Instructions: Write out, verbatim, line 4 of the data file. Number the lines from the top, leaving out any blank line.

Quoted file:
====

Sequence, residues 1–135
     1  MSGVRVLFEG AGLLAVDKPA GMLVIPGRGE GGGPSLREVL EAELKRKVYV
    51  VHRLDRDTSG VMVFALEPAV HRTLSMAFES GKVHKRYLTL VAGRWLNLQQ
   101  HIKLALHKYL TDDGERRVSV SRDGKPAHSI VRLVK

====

   101  HIKLALHKYL TDDGERRVSV SRDGKPAHSI VRLVK